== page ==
Anton Kuzmin, born in 1998 in Krasnyi Luch, Ukraine, is an architect working in various areas of architecture from urban planning to furniture design. He received his master of architecture degree from the Kyiv National University of Construction and Architecture (KNUCA). He was a participant of the Biennale College Architettura 2023. For 3 years he was part of the team architectural studio ФОРМА (FORMA).
Kristina Zubko, an architect and researcher, was born in Ukraine in 1992. She holds a Bachelor's degree from Kyiv National University of Construction and Architecture and a Master's degree from The Architectural Association School of Architecture (AASchool) in London, UK. Her work centers around understanding human behavior patterns in architecture and designing the dynamic interaction of various elements within spaces.
Yuliia Palamarchuk (born in 1996 in Kyiv, Ukraine) graduated from Kyiv National University of Construction and Architecture, studied Architecture at the University of Wuppertal and Human-Centered Engineering at Ochanomizu University. She works in the fields of architecture, design, and research. She examines spatial design transformed by media and technology, the collision of physical and virtual.
Oleksandr Burlaka (born in 1982 in Kyiv, Ukraine) graduated from the Faculty of Architecture of the Kyiv National University of Civil Engineering and Architecture in 2005. Works in a field of spatial design. Artistic practice includes photography, research, installation. He examines history, architecture, urbanlanning and their transformations in Ukraine.
Mariia Chernenko (born in 1999 in Kyiv, Ukraine), graduated from Kyiv Academy of Arts. She is a practicing graphic designer and illustrator with multidisciplinary experience in advertising agencies and international product teams. Now she works in the educational field and is looking for new methodologies for teaching design.
It has been 30 years since Ukraine gained independence from imperial influence, and "Euroremont" has emerged as a prevalent trend in modern residential architecture. Although it is not recognized as a distinct style or methodology, the term is widely understood and accepted by the public throughout the country. "Euro renovation" originated in the mid-90s within the construction industry, where contractors would encourage buyers to invest in "Euro-standard" materials and solutions, using the prefix "Euro" as a symbol of quality.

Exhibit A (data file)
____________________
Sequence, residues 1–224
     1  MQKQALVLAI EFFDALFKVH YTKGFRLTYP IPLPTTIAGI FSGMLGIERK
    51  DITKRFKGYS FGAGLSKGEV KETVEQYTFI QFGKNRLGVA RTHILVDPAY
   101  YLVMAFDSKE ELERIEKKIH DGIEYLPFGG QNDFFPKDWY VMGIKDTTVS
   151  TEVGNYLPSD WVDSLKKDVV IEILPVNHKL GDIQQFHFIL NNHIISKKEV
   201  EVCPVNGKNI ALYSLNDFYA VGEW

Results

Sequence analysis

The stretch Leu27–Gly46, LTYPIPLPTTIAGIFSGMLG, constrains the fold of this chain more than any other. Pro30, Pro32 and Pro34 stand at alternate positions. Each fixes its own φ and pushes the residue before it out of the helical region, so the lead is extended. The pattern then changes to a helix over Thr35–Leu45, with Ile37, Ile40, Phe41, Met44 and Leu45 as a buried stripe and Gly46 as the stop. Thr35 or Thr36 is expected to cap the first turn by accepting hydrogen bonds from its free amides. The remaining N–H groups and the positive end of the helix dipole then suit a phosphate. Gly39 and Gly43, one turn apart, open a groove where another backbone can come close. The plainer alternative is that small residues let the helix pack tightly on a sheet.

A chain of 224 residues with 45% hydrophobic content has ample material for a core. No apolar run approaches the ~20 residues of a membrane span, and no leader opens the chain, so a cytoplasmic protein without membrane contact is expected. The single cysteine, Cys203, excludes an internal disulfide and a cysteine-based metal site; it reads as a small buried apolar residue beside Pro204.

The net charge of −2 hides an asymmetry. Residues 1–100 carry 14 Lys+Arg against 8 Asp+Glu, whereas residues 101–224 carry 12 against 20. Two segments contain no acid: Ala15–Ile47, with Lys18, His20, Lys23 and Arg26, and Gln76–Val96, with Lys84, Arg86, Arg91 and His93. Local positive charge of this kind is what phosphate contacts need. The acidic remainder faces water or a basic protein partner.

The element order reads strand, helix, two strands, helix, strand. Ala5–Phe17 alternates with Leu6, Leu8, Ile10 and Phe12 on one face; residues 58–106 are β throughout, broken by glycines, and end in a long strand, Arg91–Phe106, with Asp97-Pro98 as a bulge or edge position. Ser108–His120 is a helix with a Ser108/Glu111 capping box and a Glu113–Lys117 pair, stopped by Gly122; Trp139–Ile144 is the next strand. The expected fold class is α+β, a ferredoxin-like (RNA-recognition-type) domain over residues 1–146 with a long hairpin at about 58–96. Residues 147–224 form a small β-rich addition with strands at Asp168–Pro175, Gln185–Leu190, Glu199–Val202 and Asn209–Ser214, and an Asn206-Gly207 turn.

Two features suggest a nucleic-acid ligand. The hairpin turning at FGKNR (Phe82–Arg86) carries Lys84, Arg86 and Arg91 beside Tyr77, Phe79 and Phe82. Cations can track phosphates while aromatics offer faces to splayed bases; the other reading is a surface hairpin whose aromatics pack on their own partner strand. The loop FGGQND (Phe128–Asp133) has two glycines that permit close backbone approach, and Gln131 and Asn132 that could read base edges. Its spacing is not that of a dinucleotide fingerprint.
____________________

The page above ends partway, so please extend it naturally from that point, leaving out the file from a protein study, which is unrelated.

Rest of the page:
The term "Euro renovation" gained popularity in the mid-90s as wealthier individuals began to have access to new, post-Soviet (and postcolonial) services such as "turnkey flats" and "Euro renovation." As time passed and we entered the 2000s, the concept of "Euro renovation" became more accessible to the general public. It reached its peak a decade later when almost everyone who was renovating their homes used at least a few techniques, such as stretch ceilings in the kitchen or plasterboard waves on the bedroom ceiling.
Our team has compiled a collection of articles in this book that showcase unique aspects of people's lives, phenomena, and objects during this period. These articles shed light on the significance of this era in shaping contemporary culture. They cover many topics, from historical overviews of the colonial/postcolonial period to research on the popular design TV show "Kvadratnyi metr", where Yuliia Palamarchuk interviewed one of the most popular invited designers. Two of the articles were written by Oleksandr Burlaka, where he explored the interaction of people and design in a political framework in the most diverse way. Anton Kuzmin, in his essays tries to trace the colonial influence in Ukrainian housing and explain this coexistence of elements of two cultures. The book also contains a piece of work that visually captures the identity of the Euroremont period - the photo archive collected.